Name: Steve Wilkins
Occupation: Contracts for Boeing, retired military
Time in district:16 years total
Amendment 1: “I am opposed to amendment one. For a lot of reasons I think it is unnecessary, and I’m afraid it will have unintended consequences.”
What do you think is the central issue for this election?
I can think of a whole lot of issues. I think the economy is one. I think the other is … the three things that I am running on are service, accountability and courage. The U.S. Congress deal with a lot of different issues and they change throughout one’s term, but I think it’s important, what’s really important, is what kind of people we send to Congress.
My first issue, service, what I’m talking about is something I learned in the military, called selfless service. That is, you serve the people that you work for, you serve the nation first. And I think that we have too many people in Congress that haven’t been doing that. We hear that every election cycle. Everybody likes to get up and complain about the Congress. But I think we’ve kind of reached the height of that in this day and age. And I know the lady that has the Second District right now, Ms. Ellmers, she said, and it’s still on her website, she went to Washington because she heard a briefing on the health care act and didn’t like it. She’s in the health care business; they own the health care business so I don’t think that’s selfless service. As far as I’m concerned, she went to defend her own personal interests and I think we need people in Congress with more diverse backgrounds that are really willing to serve us.
Accountability is another thing that I think is lacking very much that I think is important across all issues. By that I mean, saying what you mean and meaning what you say. Just in the past few months we’ve seen so many examples of bills that Congress puts together so people can come back to their district and say, ‘Well you know I didn’t vote for that’ or ‘I did vote for this.’ Whatever, they really didn’t. I think the sequestration act, or the automatic budget cuts as people refer to it, that we’ve seen is a good example of that. Congress appointed a very small group of individuals to go try to solve the budget crisis and set up this big tripwire of the trillion dollar cuts, not a lot of specifics, and said, ‘Well if they can’t decide what to do, that’s going to automatically get cut.’ Well that didn’t decide what to do and so now we have these huge automatic cuts that are going to kick in. They’re going to hurt defense, they’re going to hurt disadvantaged people. The elderly and disadvantaged: that’s where it’s going to hit the hardest. I don’t think that’s an appropriate way for members of Congress to act. They, including our representative, then came home and said, ‘Well I didn’t vote for that.’ Well they did, by voting for the process, they voted for the result but then come home and tell us they did not. So I think accountability is lacking quite a bit also.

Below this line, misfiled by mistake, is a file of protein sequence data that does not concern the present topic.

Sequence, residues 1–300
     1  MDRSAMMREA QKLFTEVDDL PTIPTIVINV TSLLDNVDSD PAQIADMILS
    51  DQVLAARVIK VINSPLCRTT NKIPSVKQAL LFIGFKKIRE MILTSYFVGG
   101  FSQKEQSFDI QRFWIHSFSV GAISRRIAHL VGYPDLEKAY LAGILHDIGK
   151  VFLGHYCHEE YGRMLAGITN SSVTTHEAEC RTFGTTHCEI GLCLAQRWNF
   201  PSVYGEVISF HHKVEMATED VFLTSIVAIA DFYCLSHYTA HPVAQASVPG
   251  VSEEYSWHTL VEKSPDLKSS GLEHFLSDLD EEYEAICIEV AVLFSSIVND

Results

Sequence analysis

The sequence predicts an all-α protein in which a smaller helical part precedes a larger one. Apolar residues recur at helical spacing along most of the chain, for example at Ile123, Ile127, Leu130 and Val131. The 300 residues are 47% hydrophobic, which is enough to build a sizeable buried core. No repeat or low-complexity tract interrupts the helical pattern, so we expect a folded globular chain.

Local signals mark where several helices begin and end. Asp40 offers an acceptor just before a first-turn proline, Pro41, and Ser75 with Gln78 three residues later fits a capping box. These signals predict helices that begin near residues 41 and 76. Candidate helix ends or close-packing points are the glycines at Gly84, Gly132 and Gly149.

And I think the third thing is courage. Courage to tell people the truth, you know, about what’s going on and what we need to do is sorely lacking. We can’t continue to just … we can’t put forth the platform that we’re just going to cut the budget, slash the budget, cut the deficit all in one year and solve our economic problems. We can’t keep borrowing 40 cents on the dollar and continue just printing more money and have a sustainable economy and a sustainable budget. We can’t continue in this perpetual state of war we’re in. I’m retired military; I’m all for a strong defense. And I think the president has to have the ability to react to emergencies when Americans abroad are in danger. The sea lanes, the air lanes, our allies are in imminent danger – the president has to be able to respond. But I think Congress has abdicated their responsibility for national defense, per the Constitution, in warmaking. And too often going to war has become the solution, the first choice rather than what has been a traditional American value in using our other three elements of national power: diplomatic, economic and informational. And if I go to congress I’m not going to vote for open-ended multi-year conflicts where we send large numbers of soldiers including myself. I went to three conflicts: the invasion of Grenada, Desert Storm and in 2003, the invasion of Iraq. But I believe these open-ended engagements violate the intent of the Constitution and people in Congress are abdicating their responsibility to question these activities. And they either stand up and re-authorize them, or they don’t authorize them instead of leaving them open-ended. So that kind of courage is lacking as well.